Link to the University of Pittsburgh Homepage
Link to the University Library System Homepage Link to the Contact Us Form

Sample size estimation and power calculations for vaccine efficacy trials for exceedingly rare diseases

Loiacono, Matthew M (2018) Sample size estimation and power calculations for vaccine efficacy trials for exceedingly rare diseases. Master's Thesis, University of Pittsburgh. (Unpublished)

Submitted Version

Download (1MB) | Preview


The implementation of vaccines is one of the most profound advancements in the world of public health. While the scientific process underlying vaccine development is important, determining a vaccine’s efficacy and safety profile would not be possible without vaccine efficacy trials. In terms of trial design, sample size estimation is one of the essential considerations to be made, ensuring that the trial achieves the targeted power, minimizing chances of a false-negative finding.
An often considered hypothesis for such trials is testing if a new vaccine is more efficacious than a placebo or the current standard-of-care. We investigated two relevant methods, the Z-Test Normal Approximation and the Exact Conditional Test under Poisson Assumption as presented by Chan and Bohidar. While the Normal Approximation is a generally acceptable method, the Exact Conditional approach may be better suited for trials with low disease incidence.
In this Thesis, we develop SAS code for estimating sample size via both methods, in addition to calculating exact power. Sample size and power calculations are performed under a range of different scenarios, stratified by high, intermediate, and low incidence of disease in the control group. Furthermore, under each scenario, simulations are utilized to evaluate the performance of the Exact Conditional approach.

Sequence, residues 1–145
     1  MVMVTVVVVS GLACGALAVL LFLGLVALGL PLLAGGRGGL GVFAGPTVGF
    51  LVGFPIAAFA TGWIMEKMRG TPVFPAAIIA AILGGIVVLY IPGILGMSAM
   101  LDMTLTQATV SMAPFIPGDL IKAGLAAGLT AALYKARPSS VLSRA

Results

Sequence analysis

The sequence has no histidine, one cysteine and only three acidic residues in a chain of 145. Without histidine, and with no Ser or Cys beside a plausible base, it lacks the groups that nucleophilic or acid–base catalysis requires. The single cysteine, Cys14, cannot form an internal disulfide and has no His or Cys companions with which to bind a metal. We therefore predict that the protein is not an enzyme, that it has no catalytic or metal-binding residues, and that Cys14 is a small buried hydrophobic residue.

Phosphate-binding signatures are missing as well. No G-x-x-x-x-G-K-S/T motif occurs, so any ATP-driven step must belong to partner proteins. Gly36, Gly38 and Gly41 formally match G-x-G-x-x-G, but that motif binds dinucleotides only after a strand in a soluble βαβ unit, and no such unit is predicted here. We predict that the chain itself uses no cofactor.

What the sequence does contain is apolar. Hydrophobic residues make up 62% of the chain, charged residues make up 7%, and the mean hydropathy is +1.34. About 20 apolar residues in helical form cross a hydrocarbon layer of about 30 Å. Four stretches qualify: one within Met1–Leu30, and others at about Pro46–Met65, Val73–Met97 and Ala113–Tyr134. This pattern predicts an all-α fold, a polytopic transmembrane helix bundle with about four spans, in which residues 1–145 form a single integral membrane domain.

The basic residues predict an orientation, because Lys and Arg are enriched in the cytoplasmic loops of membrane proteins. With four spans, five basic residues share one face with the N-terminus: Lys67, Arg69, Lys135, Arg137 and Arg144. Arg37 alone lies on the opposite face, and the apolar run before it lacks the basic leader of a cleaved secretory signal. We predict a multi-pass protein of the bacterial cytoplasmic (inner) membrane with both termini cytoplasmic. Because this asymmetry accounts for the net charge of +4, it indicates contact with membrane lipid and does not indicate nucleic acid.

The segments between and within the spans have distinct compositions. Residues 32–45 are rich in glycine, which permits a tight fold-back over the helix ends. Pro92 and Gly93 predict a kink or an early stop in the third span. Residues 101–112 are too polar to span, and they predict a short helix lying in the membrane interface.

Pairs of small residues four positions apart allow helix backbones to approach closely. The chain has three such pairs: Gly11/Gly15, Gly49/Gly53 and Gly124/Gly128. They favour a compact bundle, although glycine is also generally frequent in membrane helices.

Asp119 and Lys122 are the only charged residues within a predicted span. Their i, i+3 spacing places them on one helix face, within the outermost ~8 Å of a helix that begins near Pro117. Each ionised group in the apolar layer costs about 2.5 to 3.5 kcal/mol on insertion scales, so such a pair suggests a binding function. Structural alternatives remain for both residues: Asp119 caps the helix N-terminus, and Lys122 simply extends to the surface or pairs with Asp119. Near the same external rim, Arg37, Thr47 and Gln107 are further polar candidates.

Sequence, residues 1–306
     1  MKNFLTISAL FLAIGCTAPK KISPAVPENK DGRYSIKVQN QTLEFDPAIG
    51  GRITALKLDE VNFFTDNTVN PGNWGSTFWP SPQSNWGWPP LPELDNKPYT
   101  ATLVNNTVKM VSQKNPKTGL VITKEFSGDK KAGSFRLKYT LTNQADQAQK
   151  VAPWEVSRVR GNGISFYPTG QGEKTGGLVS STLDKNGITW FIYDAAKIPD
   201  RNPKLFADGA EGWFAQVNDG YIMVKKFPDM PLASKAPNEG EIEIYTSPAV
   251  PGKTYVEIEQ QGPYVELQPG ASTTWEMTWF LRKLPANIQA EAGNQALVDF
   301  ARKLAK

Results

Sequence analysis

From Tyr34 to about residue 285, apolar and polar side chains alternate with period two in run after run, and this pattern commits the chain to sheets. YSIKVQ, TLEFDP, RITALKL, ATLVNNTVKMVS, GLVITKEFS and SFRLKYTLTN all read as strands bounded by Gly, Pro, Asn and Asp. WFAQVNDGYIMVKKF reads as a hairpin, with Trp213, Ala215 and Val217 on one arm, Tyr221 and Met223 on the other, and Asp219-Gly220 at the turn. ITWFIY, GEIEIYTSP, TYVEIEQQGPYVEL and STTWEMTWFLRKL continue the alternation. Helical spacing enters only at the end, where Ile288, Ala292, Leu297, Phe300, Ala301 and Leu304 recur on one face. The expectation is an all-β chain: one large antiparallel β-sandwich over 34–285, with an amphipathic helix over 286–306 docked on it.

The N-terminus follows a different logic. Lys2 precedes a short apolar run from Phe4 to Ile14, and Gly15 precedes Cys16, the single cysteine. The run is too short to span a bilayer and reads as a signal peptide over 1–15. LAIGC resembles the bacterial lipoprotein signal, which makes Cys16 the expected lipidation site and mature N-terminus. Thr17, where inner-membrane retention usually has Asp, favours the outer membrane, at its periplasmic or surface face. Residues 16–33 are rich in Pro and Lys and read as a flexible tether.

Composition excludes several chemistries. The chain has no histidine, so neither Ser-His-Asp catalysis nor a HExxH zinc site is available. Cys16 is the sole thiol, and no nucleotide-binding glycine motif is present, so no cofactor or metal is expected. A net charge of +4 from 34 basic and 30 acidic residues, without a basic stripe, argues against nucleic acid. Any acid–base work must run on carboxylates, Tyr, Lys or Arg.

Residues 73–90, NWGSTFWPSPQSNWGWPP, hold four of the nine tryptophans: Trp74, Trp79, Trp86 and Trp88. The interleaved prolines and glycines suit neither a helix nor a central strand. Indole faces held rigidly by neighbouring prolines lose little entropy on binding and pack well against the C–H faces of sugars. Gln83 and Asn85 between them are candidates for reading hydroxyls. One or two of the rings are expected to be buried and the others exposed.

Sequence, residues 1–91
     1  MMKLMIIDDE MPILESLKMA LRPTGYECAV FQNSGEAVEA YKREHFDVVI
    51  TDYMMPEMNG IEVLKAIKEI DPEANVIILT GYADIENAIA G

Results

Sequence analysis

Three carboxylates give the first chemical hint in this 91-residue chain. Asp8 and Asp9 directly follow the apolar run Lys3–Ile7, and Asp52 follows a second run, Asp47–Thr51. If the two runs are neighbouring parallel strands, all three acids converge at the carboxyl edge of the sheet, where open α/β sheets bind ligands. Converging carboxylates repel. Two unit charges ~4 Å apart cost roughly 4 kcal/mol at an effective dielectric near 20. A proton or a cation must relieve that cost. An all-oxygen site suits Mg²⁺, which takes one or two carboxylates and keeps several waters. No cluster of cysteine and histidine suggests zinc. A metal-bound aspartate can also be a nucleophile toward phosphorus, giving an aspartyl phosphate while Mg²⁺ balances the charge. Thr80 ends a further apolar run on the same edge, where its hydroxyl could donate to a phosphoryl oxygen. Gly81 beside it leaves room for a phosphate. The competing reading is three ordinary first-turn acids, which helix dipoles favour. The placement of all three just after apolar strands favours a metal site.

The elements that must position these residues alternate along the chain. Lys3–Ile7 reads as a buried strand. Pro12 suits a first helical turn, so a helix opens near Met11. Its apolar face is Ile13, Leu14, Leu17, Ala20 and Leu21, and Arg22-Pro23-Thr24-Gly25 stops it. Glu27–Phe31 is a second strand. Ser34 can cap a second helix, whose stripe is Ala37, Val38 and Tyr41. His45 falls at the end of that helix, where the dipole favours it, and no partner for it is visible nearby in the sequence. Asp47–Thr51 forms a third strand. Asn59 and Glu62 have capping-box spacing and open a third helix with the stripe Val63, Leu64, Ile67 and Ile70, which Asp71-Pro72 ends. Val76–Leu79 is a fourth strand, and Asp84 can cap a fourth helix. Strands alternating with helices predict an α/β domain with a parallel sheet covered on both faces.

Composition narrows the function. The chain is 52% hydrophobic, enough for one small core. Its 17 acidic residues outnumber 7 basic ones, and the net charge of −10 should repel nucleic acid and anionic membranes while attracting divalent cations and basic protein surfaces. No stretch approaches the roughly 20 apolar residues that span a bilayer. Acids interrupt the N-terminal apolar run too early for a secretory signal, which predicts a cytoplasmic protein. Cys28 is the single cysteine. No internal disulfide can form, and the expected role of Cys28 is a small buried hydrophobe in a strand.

Both methods are generally reasonable approaches to sample size estimation and power calculations for vaccine efficacy trials. In trials of higher disease incidence, the Normal Approximation is simpler to implement, and should adequately power the trial. For scenarios of low incidence (< 0.01), the Exact Conditional approach may be more favorable, as it may provide greater power to the trial. To minimize the chance of an underpowered trial, we propose implementing a strategic inflation of sample size. Lastly, we highlight the importance of congruency between methods used for sample size estimation, trial design, and data analysis.
Public Health Significance: Vaccine efficacy trials are required for vaccine licensure and distribution to the public. A robustly estimated sample size is crucial, as it ensures a trial is adequately powered, thereby improving the odds of obtaining conclusive results. The methods investigated here represent viable approaches to sample size estimation for such trials.


Social Networking:
Share |


Item Type: University of Pittsburgh ETD
Status: Unpublished
CreatorsEmailPitt UsernameORCID
Loiacono, Matthew MMAL274@pitt.eduMAL2740000-0001-8100-465X
ETD Committee:
TitleMemberEmail AddressPitt UsernameORCID
Thesis AdvisorBandos, Hannahab7@pitt.edu0000-0003-1798-8054
Committee MemberKrafty, Robertrkrafty@pitt.edu0000-0003-1478-6430
Committee MemberVan Panhuis, Wilbertwilbert.van.panhuis@pitt.edu0000-0002-7278-9982
Date: 28 June 2018
Date Type: Publication
Defense Date: 11 April 2018
Approval Date: 28 June 2018
Submission Date: 28 March 2018
Access Restriction: No restriction; Release the ETD for access worldwide immediately.
Number of Pages: 46
Institution: University of Pittsburgh
Schools and Programs: School of Public Health > Biostatistics
Degree: MS - Master of Science
Thesis Type: Master's Thesis
Refereed: Yes
Uncontrolled Keywords: sample size estimation vaccine efficacy trial
Date Deposited: 28 Jun 2018 20:10
Last Modified: 03 Jul 2018 13:38


Monthly Views for the past 3 years

Plum Analytics

Actions (login required)

View Item View Item